8. Properties of minimax • Complete? • Yes (if tree is finite) • Optimal? • Yes (against an optimal opponent) • Time complexity? O(bm) • Space complexity? O(bm) (depth-first exploration) • For chess, b ≈ 35, m ≈100 for "reasonable" games exact solution completely infeasible • Chess: • b ~ 35 (average branching factor) • d ~ 100 (depth of game tree for typical game) • bd ~ 35100 ~10154 nodes!! • Tic-Tac-Toe • ~5 legal moves, total of 9 moves • 59 = 1,953,125 • 9! = 362,880 (Computer goes first) • 8! = 40,320 (Computer goes second)

  9. An optimal procedure: The Min-Max method • Designed to find the optimal strategy for Max and find best move: • 1. Generate the whole game tree to leaves • 2. Apply utility (payoff) function to leaves • 3. Back-up values from leaves toward the root: • a Max node computes the max of its child values • a Min node computes the Min of its child values • 4. When value reaches the root: choose max value and the corresponding move. • However: It is impossible to develop the whole search tree. Instead develop part of the tree and evaluate promise of leaves using a static evaluation function.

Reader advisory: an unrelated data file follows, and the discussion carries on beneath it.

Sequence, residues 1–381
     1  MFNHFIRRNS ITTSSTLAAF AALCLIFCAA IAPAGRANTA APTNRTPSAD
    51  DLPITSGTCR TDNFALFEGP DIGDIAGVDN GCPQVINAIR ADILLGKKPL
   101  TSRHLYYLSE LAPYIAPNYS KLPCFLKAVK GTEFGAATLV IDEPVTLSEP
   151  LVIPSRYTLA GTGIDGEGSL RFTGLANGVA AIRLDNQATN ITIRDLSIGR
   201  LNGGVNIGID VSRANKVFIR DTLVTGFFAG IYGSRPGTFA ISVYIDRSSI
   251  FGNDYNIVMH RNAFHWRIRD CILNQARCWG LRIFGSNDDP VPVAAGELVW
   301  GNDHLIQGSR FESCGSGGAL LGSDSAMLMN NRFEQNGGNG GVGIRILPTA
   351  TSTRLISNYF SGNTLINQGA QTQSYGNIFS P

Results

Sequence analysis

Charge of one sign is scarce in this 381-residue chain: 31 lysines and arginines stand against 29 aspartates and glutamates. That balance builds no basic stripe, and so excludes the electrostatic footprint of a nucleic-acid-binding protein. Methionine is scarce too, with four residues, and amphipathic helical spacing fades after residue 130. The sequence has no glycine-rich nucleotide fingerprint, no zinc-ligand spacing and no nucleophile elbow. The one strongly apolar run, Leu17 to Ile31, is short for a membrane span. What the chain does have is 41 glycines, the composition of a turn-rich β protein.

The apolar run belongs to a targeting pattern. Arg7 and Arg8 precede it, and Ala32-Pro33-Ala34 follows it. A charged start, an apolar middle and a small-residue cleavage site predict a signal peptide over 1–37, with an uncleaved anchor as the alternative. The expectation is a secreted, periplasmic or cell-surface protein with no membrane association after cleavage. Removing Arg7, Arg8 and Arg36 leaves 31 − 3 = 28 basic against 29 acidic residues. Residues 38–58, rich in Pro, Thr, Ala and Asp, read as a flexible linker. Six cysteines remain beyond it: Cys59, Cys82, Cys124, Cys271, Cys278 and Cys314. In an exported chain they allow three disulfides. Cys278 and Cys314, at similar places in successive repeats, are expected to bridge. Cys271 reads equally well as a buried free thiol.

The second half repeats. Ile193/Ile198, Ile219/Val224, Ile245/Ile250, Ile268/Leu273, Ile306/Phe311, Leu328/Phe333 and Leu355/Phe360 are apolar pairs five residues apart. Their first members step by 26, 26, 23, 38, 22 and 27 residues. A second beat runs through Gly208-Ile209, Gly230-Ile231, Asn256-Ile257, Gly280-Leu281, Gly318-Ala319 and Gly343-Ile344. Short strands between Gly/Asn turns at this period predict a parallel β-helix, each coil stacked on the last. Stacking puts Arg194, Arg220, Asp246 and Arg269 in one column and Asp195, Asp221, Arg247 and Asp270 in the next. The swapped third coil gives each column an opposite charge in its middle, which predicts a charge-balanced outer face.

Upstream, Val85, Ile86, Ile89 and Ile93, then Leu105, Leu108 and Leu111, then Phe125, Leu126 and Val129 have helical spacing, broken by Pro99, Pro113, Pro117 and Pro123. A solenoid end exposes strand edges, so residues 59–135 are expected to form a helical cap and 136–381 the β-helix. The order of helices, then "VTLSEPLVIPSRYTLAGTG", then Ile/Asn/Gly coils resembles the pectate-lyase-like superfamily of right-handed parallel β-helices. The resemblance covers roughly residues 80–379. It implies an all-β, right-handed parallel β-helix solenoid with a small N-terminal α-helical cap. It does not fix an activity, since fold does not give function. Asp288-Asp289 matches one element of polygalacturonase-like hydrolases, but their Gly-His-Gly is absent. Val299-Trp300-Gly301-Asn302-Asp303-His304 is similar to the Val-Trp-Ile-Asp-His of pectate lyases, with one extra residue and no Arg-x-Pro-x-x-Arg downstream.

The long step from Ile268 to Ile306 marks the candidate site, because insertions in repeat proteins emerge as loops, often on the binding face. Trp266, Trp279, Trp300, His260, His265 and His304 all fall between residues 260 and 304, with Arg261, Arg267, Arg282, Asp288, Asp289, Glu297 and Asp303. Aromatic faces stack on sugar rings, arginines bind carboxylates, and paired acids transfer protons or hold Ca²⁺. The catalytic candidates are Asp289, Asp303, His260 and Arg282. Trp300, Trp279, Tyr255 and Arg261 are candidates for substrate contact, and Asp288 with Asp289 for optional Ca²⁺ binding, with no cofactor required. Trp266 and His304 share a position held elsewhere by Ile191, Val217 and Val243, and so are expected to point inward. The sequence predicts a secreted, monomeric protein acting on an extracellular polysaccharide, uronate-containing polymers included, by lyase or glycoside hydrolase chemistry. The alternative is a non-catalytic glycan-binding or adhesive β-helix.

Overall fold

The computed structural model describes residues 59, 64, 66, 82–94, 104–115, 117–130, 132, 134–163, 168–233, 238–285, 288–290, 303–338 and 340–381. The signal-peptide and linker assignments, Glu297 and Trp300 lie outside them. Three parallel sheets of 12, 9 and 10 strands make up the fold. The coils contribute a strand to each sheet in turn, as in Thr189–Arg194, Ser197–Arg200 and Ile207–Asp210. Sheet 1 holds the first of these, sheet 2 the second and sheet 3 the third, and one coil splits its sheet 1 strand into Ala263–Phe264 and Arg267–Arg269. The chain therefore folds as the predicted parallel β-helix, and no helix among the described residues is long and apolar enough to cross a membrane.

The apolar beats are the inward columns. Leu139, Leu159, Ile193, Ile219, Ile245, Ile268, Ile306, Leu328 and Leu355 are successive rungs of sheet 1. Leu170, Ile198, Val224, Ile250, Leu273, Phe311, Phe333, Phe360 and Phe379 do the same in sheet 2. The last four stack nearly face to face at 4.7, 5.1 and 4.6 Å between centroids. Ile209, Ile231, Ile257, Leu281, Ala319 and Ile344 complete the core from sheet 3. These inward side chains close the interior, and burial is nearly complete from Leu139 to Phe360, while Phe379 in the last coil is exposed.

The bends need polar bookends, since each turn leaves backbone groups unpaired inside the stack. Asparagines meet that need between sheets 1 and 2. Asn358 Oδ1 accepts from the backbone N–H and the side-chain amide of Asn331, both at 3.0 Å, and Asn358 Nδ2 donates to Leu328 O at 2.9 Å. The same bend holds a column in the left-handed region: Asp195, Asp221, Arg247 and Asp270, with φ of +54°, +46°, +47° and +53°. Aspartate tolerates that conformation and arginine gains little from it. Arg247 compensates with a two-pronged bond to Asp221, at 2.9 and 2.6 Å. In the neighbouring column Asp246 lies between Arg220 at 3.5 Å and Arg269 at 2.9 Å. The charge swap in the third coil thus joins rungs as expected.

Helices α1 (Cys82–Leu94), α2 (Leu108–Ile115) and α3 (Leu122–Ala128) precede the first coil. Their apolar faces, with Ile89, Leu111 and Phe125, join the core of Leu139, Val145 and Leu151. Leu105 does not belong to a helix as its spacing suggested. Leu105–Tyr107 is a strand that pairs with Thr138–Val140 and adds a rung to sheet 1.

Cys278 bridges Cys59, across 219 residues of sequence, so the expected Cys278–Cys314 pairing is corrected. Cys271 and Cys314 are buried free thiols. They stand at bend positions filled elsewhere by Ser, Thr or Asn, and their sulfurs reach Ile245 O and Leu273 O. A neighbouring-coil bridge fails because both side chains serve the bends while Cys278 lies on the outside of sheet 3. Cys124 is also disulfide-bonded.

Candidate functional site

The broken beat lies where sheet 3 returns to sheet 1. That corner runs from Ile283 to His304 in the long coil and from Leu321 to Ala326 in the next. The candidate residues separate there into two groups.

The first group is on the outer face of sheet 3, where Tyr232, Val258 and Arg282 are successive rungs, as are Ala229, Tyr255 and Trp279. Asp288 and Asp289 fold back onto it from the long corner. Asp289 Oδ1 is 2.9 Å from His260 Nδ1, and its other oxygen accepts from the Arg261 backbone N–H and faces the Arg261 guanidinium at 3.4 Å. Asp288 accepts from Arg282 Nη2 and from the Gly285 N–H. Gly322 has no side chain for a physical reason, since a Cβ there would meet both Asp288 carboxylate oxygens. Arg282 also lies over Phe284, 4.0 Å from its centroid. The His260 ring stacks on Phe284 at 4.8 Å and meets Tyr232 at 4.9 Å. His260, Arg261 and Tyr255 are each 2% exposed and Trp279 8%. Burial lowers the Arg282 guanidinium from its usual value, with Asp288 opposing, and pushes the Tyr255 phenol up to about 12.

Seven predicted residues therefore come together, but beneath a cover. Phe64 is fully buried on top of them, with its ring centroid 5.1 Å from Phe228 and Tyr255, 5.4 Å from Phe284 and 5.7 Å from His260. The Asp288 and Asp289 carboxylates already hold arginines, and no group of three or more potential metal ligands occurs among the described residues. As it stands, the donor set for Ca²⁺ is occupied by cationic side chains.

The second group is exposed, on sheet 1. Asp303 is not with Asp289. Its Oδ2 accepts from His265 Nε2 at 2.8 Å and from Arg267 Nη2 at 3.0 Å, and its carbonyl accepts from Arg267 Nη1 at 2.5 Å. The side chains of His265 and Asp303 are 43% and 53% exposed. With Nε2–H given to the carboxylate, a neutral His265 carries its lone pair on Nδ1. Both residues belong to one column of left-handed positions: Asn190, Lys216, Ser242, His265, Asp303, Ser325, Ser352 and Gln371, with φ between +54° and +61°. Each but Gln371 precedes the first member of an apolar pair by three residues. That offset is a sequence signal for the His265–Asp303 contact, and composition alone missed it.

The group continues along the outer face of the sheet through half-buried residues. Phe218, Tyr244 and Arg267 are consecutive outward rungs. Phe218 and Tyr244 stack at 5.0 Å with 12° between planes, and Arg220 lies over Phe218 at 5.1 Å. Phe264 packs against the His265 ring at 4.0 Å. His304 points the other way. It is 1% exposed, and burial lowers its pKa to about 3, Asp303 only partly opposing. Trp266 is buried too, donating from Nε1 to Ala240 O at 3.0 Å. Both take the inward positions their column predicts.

10. Static (Heuristic) Evaluation Functions • An Evaluation Function: • Estimates how good the current board configuration is for a player. • Typically, one figures how good it is for the player, and how good it is for the opponent, and subtracts the opponents score from the player. • Othello: Number of white pieces - Number of black pieces • Chess: Value of all white pieces - Value of all black pieces • Typical values from -infinity (loss) to +infinity (win) or [-1, +1]. • If the board evaluation is X for a player, it’s -X for the opponent • Example: • Evaluating chess boards, • Checkers • Tic-tac-toe